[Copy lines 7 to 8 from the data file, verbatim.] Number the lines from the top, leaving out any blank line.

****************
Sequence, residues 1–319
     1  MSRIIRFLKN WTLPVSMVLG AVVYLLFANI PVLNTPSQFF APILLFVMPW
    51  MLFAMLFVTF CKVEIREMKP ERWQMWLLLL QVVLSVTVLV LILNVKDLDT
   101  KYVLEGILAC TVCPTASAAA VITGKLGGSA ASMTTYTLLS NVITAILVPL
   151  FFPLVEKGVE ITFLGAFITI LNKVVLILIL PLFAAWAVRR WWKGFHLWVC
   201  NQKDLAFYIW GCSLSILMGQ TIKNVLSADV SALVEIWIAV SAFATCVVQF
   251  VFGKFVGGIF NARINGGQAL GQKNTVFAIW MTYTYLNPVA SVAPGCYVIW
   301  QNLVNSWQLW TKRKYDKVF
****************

   251  VFGKFVGGIF NARINGGQAL GQKNTVFAIW MTYTYLNPVA SVAPGCYVIW
   301  QNLVNSWQLW TKRKYDKVF